We don’t have to understand voidness on a terribly profound level. Somebody asked the question, are we really prepared for this initiation. As long as we have some idea that our projections are not referring to anything real and we are convinced of that, we do not really need to have the most sophisticated understanding of all the impossible things and ways of existing that we are projecting. We have that conviction in general. Then we can approach an empowerment for tantra practice, because all of tantra is based on this conviction.
In dealing with an empowerment, it is very important to work with what is usually translated as “stopping ordinary appearances and ordinary grasping.” I am a translator, so I’m a little bit fussy about translations. I think the greatest percentage of misunderstanding about Buddhism comes from our confusion about the terminology. It gives us the incorrect impression of what we are talking about here. We are not talking so much about appearances as a noun. We are talking about making appearances, as a verb. If solid appearances are truly out there, we cannot really get rid of them. What we can get rid of is the solid appearance-making that our minds are doing. This is what we need to work with here. In Kalachakra, there is a lot of discussion of subatomic particles, so let’s use this as an example of solid appearance-making.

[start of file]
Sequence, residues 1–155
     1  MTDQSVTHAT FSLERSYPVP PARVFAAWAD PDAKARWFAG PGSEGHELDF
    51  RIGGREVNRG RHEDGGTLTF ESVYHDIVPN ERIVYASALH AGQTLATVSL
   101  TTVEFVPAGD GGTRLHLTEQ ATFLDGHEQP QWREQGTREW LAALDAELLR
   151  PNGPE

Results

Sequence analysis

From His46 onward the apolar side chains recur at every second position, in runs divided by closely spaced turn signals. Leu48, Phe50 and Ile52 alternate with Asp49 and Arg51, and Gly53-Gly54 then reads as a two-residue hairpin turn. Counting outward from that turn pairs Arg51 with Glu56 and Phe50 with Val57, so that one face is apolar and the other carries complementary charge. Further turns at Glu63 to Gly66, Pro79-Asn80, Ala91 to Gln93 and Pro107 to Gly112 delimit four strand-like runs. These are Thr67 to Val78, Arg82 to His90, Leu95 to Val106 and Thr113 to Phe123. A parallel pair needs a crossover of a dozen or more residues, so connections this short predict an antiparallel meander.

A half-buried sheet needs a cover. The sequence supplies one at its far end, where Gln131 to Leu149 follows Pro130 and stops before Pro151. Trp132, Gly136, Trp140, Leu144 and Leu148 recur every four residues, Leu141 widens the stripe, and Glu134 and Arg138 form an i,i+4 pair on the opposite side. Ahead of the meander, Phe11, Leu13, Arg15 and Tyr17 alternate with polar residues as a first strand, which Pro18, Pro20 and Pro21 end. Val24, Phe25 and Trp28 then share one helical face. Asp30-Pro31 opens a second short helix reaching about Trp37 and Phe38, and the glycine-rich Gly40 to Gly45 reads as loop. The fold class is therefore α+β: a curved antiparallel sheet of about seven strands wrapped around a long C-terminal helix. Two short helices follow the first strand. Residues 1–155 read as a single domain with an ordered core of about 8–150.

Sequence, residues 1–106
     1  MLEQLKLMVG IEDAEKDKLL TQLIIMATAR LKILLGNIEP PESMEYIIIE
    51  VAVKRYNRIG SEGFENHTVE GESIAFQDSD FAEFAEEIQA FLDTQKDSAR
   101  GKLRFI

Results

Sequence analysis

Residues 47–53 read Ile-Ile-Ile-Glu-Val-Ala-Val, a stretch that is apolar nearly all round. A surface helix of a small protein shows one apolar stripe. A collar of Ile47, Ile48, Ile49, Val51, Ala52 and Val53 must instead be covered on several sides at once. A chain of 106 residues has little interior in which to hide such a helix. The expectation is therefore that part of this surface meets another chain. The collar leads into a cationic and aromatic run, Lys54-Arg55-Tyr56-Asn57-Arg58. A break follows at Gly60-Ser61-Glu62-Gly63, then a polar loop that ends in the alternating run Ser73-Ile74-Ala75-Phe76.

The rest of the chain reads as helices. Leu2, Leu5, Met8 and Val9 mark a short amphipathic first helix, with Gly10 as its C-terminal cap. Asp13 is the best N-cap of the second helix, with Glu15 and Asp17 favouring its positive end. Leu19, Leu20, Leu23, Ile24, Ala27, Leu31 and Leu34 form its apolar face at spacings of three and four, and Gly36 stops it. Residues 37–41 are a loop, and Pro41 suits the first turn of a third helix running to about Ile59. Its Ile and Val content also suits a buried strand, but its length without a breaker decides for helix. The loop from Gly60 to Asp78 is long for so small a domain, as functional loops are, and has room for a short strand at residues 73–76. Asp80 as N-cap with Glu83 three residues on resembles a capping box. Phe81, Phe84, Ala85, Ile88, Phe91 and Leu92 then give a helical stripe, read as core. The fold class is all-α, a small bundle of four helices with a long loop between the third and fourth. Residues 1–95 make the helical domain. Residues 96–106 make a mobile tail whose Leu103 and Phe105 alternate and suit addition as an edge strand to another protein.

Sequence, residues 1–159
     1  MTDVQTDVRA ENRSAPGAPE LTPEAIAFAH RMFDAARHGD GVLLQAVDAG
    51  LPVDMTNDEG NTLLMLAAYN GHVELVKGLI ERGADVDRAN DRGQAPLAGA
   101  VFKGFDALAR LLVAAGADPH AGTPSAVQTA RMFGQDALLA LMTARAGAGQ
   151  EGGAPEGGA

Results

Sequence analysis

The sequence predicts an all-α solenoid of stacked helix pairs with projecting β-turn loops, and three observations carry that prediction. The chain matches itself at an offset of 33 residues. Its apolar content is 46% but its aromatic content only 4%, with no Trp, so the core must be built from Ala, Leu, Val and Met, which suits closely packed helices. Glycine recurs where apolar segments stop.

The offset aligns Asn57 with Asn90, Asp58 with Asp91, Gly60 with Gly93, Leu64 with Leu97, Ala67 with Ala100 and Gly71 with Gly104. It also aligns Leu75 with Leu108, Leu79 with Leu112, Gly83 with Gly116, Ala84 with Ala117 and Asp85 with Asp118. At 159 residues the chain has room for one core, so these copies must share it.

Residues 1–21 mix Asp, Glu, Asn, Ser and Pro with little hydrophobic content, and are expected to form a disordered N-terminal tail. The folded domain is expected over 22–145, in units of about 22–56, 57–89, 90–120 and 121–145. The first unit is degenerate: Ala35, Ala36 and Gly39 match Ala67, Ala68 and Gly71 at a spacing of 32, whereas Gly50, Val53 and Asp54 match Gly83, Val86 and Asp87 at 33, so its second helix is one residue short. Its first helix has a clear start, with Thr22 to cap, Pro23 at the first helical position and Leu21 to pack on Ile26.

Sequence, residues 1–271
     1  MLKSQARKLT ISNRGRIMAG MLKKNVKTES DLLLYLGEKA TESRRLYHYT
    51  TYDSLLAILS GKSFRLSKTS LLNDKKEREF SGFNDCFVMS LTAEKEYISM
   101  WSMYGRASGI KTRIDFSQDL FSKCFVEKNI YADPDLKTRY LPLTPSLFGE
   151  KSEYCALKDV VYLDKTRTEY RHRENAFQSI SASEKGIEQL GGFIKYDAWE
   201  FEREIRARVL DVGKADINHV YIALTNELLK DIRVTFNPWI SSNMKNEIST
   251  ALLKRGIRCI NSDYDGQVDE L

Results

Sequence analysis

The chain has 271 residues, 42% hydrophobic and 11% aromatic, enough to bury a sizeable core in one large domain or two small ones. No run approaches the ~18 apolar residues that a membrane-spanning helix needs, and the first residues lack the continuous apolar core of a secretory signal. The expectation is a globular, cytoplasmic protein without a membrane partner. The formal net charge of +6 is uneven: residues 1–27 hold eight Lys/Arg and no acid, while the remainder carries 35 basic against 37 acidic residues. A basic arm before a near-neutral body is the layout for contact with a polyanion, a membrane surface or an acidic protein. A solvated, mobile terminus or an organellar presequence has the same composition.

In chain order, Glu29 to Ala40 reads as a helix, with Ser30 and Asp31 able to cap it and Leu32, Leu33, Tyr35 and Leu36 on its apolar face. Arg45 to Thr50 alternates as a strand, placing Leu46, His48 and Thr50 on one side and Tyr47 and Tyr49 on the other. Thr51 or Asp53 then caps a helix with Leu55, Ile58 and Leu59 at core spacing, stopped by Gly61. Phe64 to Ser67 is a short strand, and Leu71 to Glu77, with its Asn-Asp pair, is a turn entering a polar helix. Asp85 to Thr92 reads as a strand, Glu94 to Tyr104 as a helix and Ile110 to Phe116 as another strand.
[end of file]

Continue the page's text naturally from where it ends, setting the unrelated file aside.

Everything is made of subatomic particles. In Buddhism, we talk about subatomic particles of the different elements: earth, water, fire, wind, and space. Each is progressively smaller than the next. Although things are made of subatomic particles, our minds connect the dots and make appearances of solid objects, “out there.” Then we do what is usually translated as “grasping,” but that is not a good translation. We apprehend such objects to exist in the way that our minds make them appear. We perceive it and we believe that there is something solid out there and that there is some inherent quality in it giving it a solid identity from it’s own side. For example, this terrible person who is trying to get ahead of us on the road, there is something inherently wrong with him that makes him an idiot, Believing this, we then get angry. In fact, however, there is just a bunch of subatomic particles, impulses from previous karmic conditioning, and a zillion other things contributing to bring about the basis for this appearance. What we want to do in approaching an empowerment is somehow to withdraw from this process of impure appearance-making, as it’s called, and get to pure appearance-making. To do this, we need to understand what is going on a little bit more deeply.
Appearance-Making and the Two Aspects of Mind